I turned left out of the hotel and used one of Berlin's many designated cycle lanes to move along Schillstrasse and Klingelhoferstrasse, which turned into Hofjagerallee. I soon found myself in the Grober Tiergarten, the most amazing park space in a city centre I'd ever come across. Riding along quiet, car-free lanes with only other cyclists for company I passed through some amazing parkland consisting of woods and green space and lakes along with the occasional statue or sculpture and not forgetting a red squirrel. It was simply wonderful and ultra peaceful with nothing but birdsong and the whirr of bicycle wheels to keep me company. This ride takes Berlin to the top of my chart for cycling around foreign cities – way ahead of Montreal and Essen and a tad better than San Antonio and Indianapolis, although the latter compares favourably with Berlin.

Where east meets west at the Brandenberg Gate, Berlin
I rode through the park until I saw a sign for the Reichstag and decided to ride there and take a few pictures. When I arrived there were school parties, people chilling out on the lawn and a general atmosphere of well being, which was pleasant.  The railway station wasn't far (no more than a five-minute ride, so I hopped on to the bike again and, having padlocked my bike outside, went into the station in search of the ticket office.

Berlin's holocaust memorial
Berlin's main railway station was amazing. A modern building of glass and steel with tracks above and below where I was standing, plenty of food outlets and shops and plenty of hubbub. German railway stations are great places to be as there's always somewhere to get something good to eat and there's always somebody around. Everything is so organised, even the ticket office works on a ticket-based system: you push a button on a machine and you're issued with a number and then you wait for your number to be called. The wait was certainly under two minutes and within five minutes I'd bought my ticket on the 1427hrs train to Hagen tomorrow afternoon.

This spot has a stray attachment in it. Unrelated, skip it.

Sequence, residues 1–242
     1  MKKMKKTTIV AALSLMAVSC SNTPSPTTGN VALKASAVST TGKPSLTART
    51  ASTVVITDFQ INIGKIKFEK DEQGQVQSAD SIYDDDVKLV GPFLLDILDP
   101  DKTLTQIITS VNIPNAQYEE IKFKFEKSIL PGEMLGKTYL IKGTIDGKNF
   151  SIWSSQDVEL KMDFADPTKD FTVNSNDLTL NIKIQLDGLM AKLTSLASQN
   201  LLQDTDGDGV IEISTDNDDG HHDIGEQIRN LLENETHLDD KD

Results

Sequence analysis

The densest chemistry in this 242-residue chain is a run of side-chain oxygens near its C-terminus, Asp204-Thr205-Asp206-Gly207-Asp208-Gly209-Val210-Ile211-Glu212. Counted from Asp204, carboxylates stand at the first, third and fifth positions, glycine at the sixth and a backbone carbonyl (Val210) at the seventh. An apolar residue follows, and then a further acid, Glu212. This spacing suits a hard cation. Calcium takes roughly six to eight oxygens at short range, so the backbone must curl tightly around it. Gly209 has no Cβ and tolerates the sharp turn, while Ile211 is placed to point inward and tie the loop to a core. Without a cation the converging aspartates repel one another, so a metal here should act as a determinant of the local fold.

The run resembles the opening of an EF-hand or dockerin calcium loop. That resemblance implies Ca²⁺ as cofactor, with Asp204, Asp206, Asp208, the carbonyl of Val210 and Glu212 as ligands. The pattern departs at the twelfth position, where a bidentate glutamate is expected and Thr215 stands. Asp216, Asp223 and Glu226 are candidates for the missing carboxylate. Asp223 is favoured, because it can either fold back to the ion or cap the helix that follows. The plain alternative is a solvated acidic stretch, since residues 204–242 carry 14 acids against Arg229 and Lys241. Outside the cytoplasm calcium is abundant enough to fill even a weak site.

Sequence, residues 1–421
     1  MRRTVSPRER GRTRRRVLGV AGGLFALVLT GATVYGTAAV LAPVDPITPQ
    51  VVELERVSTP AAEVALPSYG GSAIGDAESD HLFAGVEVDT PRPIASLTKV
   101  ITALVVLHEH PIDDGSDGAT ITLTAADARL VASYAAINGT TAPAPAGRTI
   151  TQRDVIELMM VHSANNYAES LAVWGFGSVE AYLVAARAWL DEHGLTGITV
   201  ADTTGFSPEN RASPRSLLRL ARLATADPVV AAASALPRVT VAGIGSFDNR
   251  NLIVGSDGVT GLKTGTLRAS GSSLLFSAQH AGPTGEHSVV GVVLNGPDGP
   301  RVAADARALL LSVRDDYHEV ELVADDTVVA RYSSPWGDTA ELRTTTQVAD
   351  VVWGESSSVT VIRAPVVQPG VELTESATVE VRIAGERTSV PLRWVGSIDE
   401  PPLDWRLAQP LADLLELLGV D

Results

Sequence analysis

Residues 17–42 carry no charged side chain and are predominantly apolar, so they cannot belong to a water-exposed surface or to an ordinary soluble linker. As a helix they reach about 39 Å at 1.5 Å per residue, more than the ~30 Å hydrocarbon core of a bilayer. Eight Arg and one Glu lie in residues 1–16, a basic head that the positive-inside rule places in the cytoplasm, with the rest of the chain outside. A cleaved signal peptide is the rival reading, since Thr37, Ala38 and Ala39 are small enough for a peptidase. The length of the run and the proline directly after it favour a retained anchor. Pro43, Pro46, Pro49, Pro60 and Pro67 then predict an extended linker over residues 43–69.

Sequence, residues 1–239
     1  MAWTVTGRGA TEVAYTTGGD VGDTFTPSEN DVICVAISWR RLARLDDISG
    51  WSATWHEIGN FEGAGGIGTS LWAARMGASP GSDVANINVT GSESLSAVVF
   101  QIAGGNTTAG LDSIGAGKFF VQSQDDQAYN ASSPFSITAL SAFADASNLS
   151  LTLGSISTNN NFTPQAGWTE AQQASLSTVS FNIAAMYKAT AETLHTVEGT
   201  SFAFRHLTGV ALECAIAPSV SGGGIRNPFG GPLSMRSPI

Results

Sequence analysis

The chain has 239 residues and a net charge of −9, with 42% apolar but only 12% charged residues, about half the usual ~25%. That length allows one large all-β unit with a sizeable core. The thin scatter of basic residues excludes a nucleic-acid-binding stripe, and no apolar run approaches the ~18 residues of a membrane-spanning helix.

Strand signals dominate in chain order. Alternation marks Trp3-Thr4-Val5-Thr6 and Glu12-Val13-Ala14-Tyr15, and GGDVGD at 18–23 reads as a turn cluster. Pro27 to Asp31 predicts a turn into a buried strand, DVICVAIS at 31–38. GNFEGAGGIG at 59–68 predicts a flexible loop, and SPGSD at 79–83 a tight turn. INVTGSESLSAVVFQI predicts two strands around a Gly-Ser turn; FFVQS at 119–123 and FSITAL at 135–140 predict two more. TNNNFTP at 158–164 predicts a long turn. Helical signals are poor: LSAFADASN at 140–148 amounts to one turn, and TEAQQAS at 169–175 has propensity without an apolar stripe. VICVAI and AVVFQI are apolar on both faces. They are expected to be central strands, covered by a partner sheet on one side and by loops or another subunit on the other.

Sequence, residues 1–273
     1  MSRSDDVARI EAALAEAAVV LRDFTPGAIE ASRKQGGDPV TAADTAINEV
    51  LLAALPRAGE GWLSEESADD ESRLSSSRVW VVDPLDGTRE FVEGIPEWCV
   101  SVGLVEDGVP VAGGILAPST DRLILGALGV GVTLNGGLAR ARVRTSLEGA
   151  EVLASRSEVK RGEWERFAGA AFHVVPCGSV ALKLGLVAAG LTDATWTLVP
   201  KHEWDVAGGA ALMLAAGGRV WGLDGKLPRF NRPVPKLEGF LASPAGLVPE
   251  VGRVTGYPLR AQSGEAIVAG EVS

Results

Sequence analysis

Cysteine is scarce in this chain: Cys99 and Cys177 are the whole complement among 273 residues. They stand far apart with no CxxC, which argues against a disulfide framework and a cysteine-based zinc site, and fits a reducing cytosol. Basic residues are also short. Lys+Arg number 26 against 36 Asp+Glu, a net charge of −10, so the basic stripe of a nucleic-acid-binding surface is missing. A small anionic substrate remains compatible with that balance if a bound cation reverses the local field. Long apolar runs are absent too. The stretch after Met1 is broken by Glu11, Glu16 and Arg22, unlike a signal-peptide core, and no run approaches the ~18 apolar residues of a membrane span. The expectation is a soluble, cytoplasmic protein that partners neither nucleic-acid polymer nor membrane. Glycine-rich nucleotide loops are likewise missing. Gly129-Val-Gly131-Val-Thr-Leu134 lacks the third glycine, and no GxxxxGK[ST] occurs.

The Rosengarten inside the Tiergarten, Berlin
As happy as Larry, I waltzed back to the bike, unpadlocked it and rode off in the general direction of the Reichstag and, of course, the Tiergarten where I enjoyed cycling around the park as the light began to fade. Looking into the wooded areas on either side of me, I started to think about what it might be like camping out for the night (not that I had any intention of giving up my warm hotel bed) and just as these thoughts entered my mine I saw that Berlin's homeless had got there before me: fine in June, but I wouldn't fancy it at any other time of year.

Earlier on the ride, prior to entering the Tiergarten
Near the Zoological Gardens I found a kind of pub/restaurant in the park offering some very pleasant outdoor seating amongst the trees and – although I never had any – some excellent-looking food of the pizza and salad variety. I ordered a much-needed beer and chilled for 20 minutes or so before re-mounting the bike and making my way through some traffic to reach Tauentzienstrasse and eventually my hotel. I rode straight into the car park, locked the bike and handed in the key at reception.

Something has to be said about the bike. Alright, a woman's frame and one of those Dutch-style affairs, this one had that pedal-backwards mechanism to aid braking as well as a front brake. There was a dynamo, so the light came on automatically, a bell to warn pedestrians and other cyclists that I was there and, the best bit, a stand, which proved invaluable. Every time I wanted to take a photograph, I simply stopped, put the bike on the stand and wandered off to do the necessary. The bike was solid, as are most things German, and totally reliable. I wasn't anticipating a puncture, put it that way.

Berlin is a great city to ride around because it has dedicated cycle paths and the needs of the cyclist have been taken into consideration by the town planners.